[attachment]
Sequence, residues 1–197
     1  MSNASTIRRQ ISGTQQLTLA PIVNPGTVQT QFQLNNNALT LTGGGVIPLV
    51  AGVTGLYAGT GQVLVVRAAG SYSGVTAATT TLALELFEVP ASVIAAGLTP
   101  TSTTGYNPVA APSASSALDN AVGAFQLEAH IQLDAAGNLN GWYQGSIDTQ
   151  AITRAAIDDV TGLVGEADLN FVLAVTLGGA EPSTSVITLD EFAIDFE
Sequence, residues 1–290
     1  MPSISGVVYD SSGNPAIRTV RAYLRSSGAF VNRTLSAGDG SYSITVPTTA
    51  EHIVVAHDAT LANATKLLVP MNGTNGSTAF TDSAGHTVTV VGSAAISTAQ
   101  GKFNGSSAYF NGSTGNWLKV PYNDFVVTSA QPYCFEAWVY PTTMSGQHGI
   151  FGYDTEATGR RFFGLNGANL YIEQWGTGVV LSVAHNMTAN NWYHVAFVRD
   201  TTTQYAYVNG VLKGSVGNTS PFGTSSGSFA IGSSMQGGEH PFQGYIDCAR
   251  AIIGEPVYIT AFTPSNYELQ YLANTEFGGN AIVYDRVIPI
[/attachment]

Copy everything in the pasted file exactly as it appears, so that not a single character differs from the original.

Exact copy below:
Sequence, residues 1–197
     1  MSNASTIRRQ ISGTQQLTLA PIVNPGTVQT QFQLNNNALT LTGGGVIPLV
    51  AGVTGLYAGT GQVLVVRAAG SYSGVTAATT TLALELFEVP ASVIAAGLTP
   101  TSTTGYNPVA APSASSALDN AVGAFQLEAH IQLDAAGNLN GWYQGSIDTQ
   151  AITRAAIDDV TGLVGEADLN FVLAVTLGGA EPSTSVITLD EFAIDFE
Sequence, residues 1–290
     1  MPSISGVVYD SSGNPAIRTV RAYLRSSGAF VNRTLSAGDG SYSITVPTTA
    51  EHIVVAHDAT LANATKLLVP MNGTNGSTAF TDSAGHTVTV VGSAAISTAQ
   101  GKFNGSSAYF NGSTGNWLKV PYNDFVVTSA QPYCFEAWVY PTTMSGQHGI
   151  FGYDTEATGR RFFGLNGANL YIEQWGTGVV LSVAHNMTAN NWYHVAFVRD
   201  TTTQYAYVNG VLKGSVGNTS PFGTSSGSFA IGSSMQGGEH PFQGYIDCAR
   251  AIIGEPVYIT AFTPSNYELQ YLANTEFGGN AIVYDRVIPI